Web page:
Another ‘ian’ today. Tomorrow I plan to reflect more on yesterday’s awesomeness.
Being a Christian is like being Dickensian. Someone or something that is reminiscent of Charles Dickens’ Victorian novels or the characters portrayed within them is described as being Dickensian.
The fruit of the Spirit is love, joy, peace, patience, kindness, goodness, faithfulness, gentleness and self-control. Against such things there is no law. Those who belong to Christ Jesus have crucified the sinful nature with its passions and desires. Since we live by the Spirit, let us keep in step with the Spirit. (Galatians 5:22-25)
If you look at the narrative accounts of Jesus’ life you will see those characteristics in him in abundance. Look at the way he treated those who were on the fringes of society. Look at the way he treated those who were regarded as unlovable by the self-righteous elite of his day. Look at the way he gently and patiently taught people what God really wanted and offered in him. Look at the way he kept to his mission and refused to be distracted from it. In fact, as a challenge for you, why not commit yourself to do just that and read one of the gospel narratives through in this term. Read a chapter a day and you will be done within a month. I did just that this summer – I read through Luke’s gospel a day at a time and was reminded of aspects of Jesus’ character that I had forgotten and neglected. I found myself drawn more closely to want to emulate him.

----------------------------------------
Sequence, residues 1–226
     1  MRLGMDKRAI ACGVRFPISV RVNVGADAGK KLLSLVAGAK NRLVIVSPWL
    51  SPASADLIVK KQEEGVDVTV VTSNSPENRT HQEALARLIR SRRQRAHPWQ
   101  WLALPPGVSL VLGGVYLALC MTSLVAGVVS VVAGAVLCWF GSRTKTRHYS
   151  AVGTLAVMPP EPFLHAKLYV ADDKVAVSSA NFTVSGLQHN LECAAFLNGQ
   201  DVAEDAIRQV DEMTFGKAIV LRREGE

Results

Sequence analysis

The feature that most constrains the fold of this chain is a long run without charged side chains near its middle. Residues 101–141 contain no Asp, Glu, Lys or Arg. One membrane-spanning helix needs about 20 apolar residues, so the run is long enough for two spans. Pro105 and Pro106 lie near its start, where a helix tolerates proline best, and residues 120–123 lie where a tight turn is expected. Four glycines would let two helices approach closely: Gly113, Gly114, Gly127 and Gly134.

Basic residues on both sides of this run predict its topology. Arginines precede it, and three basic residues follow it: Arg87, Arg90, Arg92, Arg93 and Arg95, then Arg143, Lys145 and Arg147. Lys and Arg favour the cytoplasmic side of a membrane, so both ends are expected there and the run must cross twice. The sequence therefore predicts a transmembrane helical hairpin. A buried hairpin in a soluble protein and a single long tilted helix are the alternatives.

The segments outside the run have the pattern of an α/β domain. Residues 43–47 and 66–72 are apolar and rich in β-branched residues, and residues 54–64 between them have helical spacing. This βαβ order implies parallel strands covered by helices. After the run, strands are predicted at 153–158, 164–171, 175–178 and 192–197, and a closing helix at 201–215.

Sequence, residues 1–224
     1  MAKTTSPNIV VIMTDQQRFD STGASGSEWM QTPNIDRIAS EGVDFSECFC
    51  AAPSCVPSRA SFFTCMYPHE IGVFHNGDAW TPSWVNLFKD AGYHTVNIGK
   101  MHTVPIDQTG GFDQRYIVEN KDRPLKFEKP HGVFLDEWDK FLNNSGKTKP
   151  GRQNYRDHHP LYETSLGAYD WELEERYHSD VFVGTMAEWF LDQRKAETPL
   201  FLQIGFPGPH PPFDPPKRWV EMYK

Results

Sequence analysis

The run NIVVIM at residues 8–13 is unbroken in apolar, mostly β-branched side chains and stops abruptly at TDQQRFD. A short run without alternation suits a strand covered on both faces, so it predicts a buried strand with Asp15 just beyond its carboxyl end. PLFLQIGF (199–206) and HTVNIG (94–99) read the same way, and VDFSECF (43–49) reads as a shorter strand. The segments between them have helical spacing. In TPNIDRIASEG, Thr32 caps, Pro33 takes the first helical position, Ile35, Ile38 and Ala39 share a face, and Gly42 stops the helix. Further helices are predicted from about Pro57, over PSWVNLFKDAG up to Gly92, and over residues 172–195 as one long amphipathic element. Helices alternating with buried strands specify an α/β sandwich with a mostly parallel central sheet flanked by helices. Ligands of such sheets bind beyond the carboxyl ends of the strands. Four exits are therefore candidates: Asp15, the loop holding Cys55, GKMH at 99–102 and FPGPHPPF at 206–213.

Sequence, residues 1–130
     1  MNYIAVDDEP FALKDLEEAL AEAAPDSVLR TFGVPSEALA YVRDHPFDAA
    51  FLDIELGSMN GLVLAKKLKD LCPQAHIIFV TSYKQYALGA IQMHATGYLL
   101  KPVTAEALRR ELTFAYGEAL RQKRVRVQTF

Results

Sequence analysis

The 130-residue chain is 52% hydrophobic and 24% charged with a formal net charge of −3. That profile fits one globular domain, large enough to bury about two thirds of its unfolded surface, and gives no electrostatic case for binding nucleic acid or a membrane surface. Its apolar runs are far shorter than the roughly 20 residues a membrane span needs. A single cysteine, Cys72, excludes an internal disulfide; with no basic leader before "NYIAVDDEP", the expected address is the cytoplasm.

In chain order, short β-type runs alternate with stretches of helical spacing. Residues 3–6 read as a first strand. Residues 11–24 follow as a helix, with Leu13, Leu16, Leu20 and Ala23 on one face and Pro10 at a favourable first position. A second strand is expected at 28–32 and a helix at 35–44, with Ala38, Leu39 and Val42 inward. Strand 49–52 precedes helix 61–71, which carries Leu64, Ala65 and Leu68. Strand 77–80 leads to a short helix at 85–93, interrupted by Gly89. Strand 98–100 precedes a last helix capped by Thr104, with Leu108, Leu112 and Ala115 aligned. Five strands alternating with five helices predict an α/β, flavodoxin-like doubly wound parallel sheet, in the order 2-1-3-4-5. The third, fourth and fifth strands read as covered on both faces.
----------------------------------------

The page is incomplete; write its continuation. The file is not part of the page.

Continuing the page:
To be a Christian is to be reminiscent of Jesus Christ, to show these characteristics more and more. One of the aspirations of followers of Jesus is that we would be more like him. It is not something we can do on our own. It is not something we can do through any sort of religious self-help groups or therapy. This is something that God does within us as we ask and allow him to. It is one of the things that the Holy Spirit does with us. We start to show the family likeness.
As we allow God’s Spirit to work within us, followers of Jesus find that we are more able to forgive. We find that we can respond to hostility with grace. We find that we can be patient in testing circumstances. We find that we are more naturally generous with our time and resources. We find that we actually are keeping in step with the Spirit: not so much marching in time as dancing to his beat.